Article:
Gala: Franchisee interviews and feedback are critical to the deal. Why did they join? Would they do it again? Are they making money? What does the business look like for them in 12 to 36 months? What are their joys/pain points? Which corporate support functions are strongest/weakest? We seek to understand and learn before making any changes. We try to be thoughtful, inclusive, and keep the best interests of all franchisees in mind. Every brand should have a franchise advisory council. If it doesn’t already exist, we help get one established. The FAC should meet on a regular basis with management. Franchisees are candid and will tell you what you need to know. You need to listen intently.
FT: Can franchisees actually impact deal flow? Bad franchisee validation blocks new license sales, but can it potentially scuttle a PE deal as well?
Gala: If an FAC is coordinated and can speak with one voice, then yes that voice can have a major influence on the direction of the business. But it must be what’s best for the entire system. Once personal agendas creep in, the FAC loses both ability and credibility.
FT: Inspire Brands stated it felt Rusty Taco would be better off in the hands of someone with deep experience developing emerging brands. What can a partner like Gala can provide?
Gala: A large brand at scale—1,000-plus units—is all about predictability. But emerging brands need creativity and flexibility. We refine and adapt quickly. Our entire organization is wired that way. An emerging brand is still trying to figure things out. They don’t know what they don’t know, especially if they are new to franchising. For example, we can help optimize supply chain, menu choices and execution. You learn these running a scale business. We bring them into an emerging brand and create tremendous value. Smaller brands often don’t think about the business this way. They also lack supporting systems we bring, like inventory management systems, food cost management systems and franchising best practices. Emerging brands are innovative, but they need to optimize, such as bidding things out or streamlining store-level execution. We help them balance innovation with operating practicalities to create more unit profitability.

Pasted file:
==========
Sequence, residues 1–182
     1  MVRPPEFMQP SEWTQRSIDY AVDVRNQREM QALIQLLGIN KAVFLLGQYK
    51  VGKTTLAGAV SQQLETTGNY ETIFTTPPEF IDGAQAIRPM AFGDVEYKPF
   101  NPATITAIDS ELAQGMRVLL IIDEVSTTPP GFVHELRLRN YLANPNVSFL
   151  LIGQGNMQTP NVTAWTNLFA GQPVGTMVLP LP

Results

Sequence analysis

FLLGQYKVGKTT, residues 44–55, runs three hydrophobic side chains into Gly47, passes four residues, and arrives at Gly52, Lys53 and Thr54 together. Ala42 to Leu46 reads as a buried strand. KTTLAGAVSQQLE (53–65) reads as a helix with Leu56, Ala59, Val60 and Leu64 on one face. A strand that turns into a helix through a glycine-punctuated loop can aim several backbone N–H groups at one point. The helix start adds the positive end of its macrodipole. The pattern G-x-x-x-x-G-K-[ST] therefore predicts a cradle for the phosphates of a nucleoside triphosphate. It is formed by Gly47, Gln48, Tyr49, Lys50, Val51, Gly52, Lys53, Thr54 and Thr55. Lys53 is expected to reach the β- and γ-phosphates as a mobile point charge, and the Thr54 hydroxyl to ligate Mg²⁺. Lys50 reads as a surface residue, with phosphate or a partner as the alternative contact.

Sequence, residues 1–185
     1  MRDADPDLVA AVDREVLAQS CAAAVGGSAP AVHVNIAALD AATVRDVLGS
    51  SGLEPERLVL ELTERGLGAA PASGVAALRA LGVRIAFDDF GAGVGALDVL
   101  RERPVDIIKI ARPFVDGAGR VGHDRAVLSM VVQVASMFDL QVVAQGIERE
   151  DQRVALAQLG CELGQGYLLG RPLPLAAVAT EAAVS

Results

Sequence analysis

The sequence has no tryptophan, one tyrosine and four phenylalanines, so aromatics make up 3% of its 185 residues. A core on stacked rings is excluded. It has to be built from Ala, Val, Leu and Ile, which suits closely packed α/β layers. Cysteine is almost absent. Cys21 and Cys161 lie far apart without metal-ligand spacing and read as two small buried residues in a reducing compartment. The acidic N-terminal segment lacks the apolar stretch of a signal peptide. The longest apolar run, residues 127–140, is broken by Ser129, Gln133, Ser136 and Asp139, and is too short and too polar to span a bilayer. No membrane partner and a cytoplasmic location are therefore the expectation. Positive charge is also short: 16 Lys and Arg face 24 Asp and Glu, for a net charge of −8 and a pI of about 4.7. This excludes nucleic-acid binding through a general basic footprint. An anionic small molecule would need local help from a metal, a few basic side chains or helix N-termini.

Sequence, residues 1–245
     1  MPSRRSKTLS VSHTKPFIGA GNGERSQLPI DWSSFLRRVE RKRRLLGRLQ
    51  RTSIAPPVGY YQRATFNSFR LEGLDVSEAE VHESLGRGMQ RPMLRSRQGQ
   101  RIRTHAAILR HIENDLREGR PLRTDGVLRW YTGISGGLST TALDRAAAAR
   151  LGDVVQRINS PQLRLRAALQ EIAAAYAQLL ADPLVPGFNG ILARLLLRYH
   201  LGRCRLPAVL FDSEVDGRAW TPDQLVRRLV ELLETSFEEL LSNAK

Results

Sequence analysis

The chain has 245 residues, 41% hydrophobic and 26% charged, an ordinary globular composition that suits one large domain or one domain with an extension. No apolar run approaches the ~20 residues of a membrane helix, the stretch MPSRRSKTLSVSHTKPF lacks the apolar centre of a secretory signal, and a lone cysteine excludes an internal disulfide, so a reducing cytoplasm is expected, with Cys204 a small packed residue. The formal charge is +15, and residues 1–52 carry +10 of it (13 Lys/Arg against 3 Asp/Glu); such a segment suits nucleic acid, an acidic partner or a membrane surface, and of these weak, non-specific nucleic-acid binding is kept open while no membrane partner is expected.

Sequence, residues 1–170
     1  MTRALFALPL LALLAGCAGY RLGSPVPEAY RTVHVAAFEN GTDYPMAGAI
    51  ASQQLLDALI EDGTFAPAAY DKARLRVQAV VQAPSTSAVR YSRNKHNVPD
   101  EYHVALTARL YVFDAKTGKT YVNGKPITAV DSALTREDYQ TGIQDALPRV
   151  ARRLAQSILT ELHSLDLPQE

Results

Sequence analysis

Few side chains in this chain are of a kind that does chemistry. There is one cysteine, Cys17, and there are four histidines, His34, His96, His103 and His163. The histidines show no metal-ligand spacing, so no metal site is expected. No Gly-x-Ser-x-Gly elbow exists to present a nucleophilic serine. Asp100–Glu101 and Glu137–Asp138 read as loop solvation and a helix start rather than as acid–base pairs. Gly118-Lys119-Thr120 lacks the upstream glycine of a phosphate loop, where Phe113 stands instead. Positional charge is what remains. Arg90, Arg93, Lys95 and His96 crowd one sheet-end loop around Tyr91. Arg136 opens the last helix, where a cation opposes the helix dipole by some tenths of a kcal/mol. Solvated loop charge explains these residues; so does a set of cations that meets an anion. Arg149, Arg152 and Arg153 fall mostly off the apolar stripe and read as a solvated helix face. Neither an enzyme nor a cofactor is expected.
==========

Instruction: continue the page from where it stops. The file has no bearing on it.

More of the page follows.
FT: Regarding the FAST Act in California, does regulation impact your expansion priorities?
Gala: Administration and bureaucracy are always increasing. But we must move forward. There will be adaptations and new technologies. We’ll evolve. It challenges our thinking and creativity. FAST is concerning because it singles out one industry.
FT: How should a franchise founder vet potential PE partners?
Gala: A good or bad reputation as a partner is out there for you to discover. Ask your peers, and people who have been through it. Network far in advance. Get to know people without time pressure. Get clear about your expectations and what you hope to accomplish. And be self-aware. Are you really ready to work with a partner? Will you be happier and more effective? Our partners have thought it through and are ready.
Alicia Miller is a managing director at Catalyst Insight Group. Her Development Savvy column covers smart ways to market and grow a franchise. Reach her at email@example.com.